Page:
Tuesday, August 18, 2009

The Pusher

We just got back from Michigan where we celebrated my grandma's 75th birthday. We also had a chance to see many of you at the "homecoming" open house my parents hosted. It's always good to catch up. Thank you to everyone who came.

I borrowed a book from my mom and started reading it this morning while Caleb slept and Nathan lay on our bed with his thumb in his mouth watching a Baby Einstein video. It isn't really a book book. It's more like a devotional. It's a collection of Puritan prayers called The Valley of Vision. This morning I read a prayer addressed to the Trinity. The following caught my attention:
O Holy Spirit, I thank thee that in fullness of grace thou hast exhibited Jesus as my salvation, implanted faith within me, subdued my stubborn heart, made me one with him for ever...thou art willing to help my infirmities, to show me my need, to supply words, to pray within me, to strengthen me that I faint not in supplication.
Maybe I was not properly pensive this morning, but this made me chuckle. A story immediately flashed to mind. I spent a year teaching at a school near Beijing, China before I graduated from college. Food and housing were provided by the school as well as transportation once each week into the city and a small (VERY small) stipend for other expenses. I learned early on that there were certain things that my budget couldn't cover--like taxis. To accommodate, my roommate and I figured out how to use the bus system.

It is difficult to describe a Chinese bus (circa 1998) for anyone who has not lived overseas. Imagine a metal box with worn tires and black exhaust. Now fill the box with so many bodies that seated passengers are forced to lean out from open windows and those standing jockey for breathing space. Buses such as these require three staff--a driver, a caller (who shouts from a window to attract passengers and to warn off other motorists), and a pusher on the ground. The pusher has the most strenuous job. It's his duty to ensure that every willing passenger (and an occasional passerby) are wedged, crammed, shoved, shimmied, and otherwise helped onto the bus. His job is made doubly difficult by safety standards which won't allow the bus to move if the doors are not properly closed.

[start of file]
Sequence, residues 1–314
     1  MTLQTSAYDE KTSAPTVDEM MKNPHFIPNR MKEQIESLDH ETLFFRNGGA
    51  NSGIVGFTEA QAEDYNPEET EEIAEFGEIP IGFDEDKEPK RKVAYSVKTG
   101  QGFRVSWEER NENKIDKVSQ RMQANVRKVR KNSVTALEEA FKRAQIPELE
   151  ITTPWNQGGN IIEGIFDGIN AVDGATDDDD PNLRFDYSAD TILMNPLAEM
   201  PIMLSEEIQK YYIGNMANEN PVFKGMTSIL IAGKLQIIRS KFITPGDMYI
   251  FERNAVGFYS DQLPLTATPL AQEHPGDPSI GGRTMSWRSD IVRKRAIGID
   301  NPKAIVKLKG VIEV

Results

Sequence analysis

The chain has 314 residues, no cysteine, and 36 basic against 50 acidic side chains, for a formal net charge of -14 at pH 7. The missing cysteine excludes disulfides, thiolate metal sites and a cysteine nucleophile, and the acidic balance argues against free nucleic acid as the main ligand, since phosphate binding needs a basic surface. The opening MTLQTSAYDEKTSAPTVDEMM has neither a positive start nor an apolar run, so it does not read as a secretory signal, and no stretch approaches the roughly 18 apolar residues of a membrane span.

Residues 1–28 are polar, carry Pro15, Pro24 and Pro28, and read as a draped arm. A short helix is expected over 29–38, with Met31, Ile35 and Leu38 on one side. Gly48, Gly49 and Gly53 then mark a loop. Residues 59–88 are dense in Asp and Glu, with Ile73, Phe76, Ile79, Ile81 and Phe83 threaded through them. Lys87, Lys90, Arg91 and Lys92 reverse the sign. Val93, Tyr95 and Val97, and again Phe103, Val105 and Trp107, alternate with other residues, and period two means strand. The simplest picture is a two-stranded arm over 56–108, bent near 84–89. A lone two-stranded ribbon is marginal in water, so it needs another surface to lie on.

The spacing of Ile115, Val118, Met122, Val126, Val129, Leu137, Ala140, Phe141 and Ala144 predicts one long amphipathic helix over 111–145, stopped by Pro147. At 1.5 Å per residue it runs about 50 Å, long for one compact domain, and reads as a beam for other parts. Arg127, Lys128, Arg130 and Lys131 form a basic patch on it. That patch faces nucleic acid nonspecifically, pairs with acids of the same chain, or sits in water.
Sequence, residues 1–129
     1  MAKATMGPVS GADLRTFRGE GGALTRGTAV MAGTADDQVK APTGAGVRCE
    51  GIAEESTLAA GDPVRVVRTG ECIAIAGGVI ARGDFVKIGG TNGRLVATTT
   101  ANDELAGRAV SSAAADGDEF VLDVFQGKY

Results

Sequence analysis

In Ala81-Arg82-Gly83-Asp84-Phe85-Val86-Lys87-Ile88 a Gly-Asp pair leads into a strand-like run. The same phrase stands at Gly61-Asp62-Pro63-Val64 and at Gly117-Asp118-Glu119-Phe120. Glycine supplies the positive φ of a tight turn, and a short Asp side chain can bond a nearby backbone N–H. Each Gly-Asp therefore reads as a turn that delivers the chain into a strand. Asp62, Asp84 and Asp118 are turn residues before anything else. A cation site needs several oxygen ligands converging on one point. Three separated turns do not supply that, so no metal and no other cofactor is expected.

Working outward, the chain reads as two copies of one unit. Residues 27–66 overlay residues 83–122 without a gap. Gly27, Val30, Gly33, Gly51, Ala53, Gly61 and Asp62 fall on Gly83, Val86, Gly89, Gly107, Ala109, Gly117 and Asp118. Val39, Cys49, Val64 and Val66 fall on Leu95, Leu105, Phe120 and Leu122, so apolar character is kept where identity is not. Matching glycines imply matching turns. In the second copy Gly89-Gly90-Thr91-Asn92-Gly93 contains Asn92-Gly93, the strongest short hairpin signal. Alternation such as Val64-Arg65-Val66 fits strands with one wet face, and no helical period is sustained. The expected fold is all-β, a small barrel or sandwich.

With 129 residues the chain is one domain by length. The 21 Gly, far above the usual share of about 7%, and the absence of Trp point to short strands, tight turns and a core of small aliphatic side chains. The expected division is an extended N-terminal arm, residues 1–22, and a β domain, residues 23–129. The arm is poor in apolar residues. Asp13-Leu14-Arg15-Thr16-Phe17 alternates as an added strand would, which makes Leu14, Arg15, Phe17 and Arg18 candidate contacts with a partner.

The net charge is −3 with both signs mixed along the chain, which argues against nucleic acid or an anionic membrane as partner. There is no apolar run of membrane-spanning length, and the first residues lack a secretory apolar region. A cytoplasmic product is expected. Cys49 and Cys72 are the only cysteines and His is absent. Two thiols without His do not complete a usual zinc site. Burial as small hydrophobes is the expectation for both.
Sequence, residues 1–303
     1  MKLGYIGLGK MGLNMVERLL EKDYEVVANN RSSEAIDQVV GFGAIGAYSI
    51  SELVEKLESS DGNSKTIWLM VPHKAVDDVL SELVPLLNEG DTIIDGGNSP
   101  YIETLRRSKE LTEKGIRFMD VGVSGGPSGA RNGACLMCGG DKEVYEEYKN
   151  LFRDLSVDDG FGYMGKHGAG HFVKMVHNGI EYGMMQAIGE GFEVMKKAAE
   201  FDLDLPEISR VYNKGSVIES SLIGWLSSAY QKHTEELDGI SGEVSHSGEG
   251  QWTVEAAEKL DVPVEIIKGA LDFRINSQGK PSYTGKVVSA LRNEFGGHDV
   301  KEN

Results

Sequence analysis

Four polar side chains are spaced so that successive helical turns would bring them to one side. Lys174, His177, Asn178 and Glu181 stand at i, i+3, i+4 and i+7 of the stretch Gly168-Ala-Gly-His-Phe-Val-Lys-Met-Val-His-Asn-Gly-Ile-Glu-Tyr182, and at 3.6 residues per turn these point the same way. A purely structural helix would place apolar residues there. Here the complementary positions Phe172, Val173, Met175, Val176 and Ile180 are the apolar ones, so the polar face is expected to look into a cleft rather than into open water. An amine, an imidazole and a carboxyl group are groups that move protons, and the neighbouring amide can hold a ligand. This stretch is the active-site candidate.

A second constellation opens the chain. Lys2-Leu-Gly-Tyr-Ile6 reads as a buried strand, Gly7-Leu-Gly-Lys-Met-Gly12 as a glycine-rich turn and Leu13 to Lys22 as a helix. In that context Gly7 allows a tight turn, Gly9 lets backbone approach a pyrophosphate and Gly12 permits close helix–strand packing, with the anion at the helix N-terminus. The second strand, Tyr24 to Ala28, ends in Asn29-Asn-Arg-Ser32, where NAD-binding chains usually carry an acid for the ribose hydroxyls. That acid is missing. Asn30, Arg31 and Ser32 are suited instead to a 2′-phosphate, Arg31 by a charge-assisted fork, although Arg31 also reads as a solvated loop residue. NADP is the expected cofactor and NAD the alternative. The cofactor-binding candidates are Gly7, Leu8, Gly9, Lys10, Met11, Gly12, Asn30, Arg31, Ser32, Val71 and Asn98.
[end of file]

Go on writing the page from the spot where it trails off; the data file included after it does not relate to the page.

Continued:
A fellow American teacher was waiting patiently at a bus stop for just such a bus. When the contraption pulled up to the stop already bursting at the joints, she balked and said she would wait for the next one. The pusher would have none of it. He grunted and led her by the elbow to the step which was the only space left. She stood as far inside as she could get. Unfortunately, the pusher miscalculated. American derrieres are not as compact as their Chinese counterparts and the safety doors could not close. The driver furiously kept pressing the lever and the doors opened and closed again and again on the same obstruction. My friend made a valiant attempt to flee, but before she could maneuver she felt two hands firmly planted on her bottom. The pusher gave it his best and finally the doors wheezed shut.

This was the image that came to mind when I read Puritan prayers this morning. I must say that I'm thankful the Holy Spirit is just as determined as that Chinese bus pusher. There are days when I need a good shove from behind--a little help to get on the bus.

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